Further challenging analysis and visualisation capabilities of informatics software is that biologic drugs have a basis in nucleic acid sequences, which in their native form can be exceptionally large. Combined with complex, multi-channel assay data, this imposes severe challenges on informatics systems in general, and analysis and visualisation applications in particular.
The volume of data being generated and analysed is growing exponentially for a given investigation. For most software applications, performance will scale at best linearly with the size of the dataset being analysed (computational performance) and visualised (display performance). So if the data being analysed are 10x, 100x or even larger in scale, the performance characteristics of the software, and the associated user experience, will decline dramatically. In the worst (and not uncommon) cases, software applications will be swamped by the data volumes being generated today, and will fail due to memory limits, etc.
Providers of biologics software applications must anticipate and respond to increased data volume needs with specific software engineering approaches and not rely on hardware performance improvements to hide performance deficiencies. Analysis and visualisation applications need to perform such that their performance is unaffected or minimally impacted as the scale of data increases, a situation referred to as zero-order scaling (4). This means the applications may need to be recoded with better algorithms, potentially at the machinecode level, and to take advantage of modern hardware architectures, graphical programming units and programming languages. Drug discovery companies seeking to implement an informatics system must ensure performance metrics are fully established and verify that proposed solutions meet or exceed these.
Learning from past successes and challenges, and understanding trends and trajectories, are valuable assets in any decision-making. Initial adoption of a discovery informatics system, or making significant changes to supplement or upgrade an existing one, are major decisions, and will likely impact the organisation, positively or negatively, for many years. Such decisions clearly should not be taken lightly, but at the same time delaying or not making the decision at all is not a viable option. Doing so will almost certainly negatively impact the business, as the gaps will be filled by non-standard, adhoc solutions that will become harder to replace over time.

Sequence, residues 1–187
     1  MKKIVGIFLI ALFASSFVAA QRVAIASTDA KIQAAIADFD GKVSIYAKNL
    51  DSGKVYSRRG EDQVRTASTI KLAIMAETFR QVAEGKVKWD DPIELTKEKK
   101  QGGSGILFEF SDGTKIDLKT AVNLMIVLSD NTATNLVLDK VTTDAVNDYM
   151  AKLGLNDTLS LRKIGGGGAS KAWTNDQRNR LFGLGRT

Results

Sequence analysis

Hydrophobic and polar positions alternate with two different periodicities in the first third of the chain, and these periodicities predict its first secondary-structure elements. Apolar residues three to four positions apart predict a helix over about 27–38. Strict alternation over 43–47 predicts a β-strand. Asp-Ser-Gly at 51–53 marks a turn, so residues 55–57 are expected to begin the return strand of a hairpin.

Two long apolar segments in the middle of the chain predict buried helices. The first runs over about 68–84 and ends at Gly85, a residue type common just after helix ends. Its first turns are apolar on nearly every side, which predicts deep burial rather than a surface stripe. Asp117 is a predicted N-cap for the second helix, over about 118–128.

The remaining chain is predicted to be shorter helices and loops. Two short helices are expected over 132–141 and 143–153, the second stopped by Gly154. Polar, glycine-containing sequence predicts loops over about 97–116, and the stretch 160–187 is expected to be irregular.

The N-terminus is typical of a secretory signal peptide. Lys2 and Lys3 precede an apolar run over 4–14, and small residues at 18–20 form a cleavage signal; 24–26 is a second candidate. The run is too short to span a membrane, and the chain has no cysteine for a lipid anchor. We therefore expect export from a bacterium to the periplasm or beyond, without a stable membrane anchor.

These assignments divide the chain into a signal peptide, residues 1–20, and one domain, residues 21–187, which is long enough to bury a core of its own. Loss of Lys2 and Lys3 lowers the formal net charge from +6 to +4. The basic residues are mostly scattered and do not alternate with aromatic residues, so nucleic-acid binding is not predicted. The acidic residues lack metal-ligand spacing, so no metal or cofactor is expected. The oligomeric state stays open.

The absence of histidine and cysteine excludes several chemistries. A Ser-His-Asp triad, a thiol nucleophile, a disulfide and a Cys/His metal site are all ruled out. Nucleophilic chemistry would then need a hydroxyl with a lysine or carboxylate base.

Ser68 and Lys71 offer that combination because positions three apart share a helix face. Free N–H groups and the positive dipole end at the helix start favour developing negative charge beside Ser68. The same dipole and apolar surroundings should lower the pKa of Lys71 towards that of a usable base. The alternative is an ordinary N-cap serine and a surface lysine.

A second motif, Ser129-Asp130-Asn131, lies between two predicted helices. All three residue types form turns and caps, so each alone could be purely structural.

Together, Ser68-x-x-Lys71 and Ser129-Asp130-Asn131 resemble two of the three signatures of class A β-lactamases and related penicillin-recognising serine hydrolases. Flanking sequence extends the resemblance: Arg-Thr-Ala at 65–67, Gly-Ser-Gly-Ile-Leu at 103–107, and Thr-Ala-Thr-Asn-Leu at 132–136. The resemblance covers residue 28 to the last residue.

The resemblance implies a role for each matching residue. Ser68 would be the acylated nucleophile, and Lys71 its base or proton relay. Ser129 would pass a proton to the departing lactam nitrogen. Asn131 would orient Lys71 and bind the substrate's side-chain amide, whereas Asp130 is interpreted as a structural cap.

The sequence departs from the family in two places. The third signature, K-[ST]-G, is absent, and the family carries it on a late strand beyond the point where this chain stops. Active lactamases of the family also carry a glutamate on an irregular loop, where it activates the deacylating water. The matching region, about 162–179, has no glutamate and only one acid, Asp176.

Here we have highlighted several key elements to factor into a decision, including lessons learned from small molecule discovery, current and nearfuture IT trends, key differences between small molecule and biologics entities and considerations to deal with the increasing volumes of data arising in biologics discovery programmes. There are other factors to consider as well, not able to be covered here, but the key takeaway should be that a scientific informatics system is essential and armed with this and additional information an organisation should approach that decision with confidence. DDW
Dr Andrew LeBeau is Senior Manager of Biologics Marketing at Dotmatics. He joined Dotmatics in October 2017, bringing more than 15 years of experience working in the life sciences industry. At Dotmatics, Andrew leads efforts to highlight and promote the capabilities of Dotmatics software to support the rapidly growing and evolving field of biologics drug discovery.
1 Watson, JD, Crick, FH. Molecular Structure of Nucleic Acids: A Structure for Deoxyribose Nucleic Acid. Nature 1953; 171 (4356) 737-738.
2 The Epic Investigators. Use of a monoclonal antibody directed against the platelet glycoprotein IIb/IIIa receptor in high-risk coronary angioplasty. The EPIC Investigation. The New England Journal of Medicine. 1994; 330 (14): 956-961.
3 Van Arnum, P. New Drug Approvals Reached 21-Year High in 2017. https://www.dcatvci.org/5001-new-drug-approvals-reached-21-year-high-in-2017. Accessed 3/20/2018.
4 Brown, RD. Advanced Analytics and Visualisation for Biology Big Data. SLAS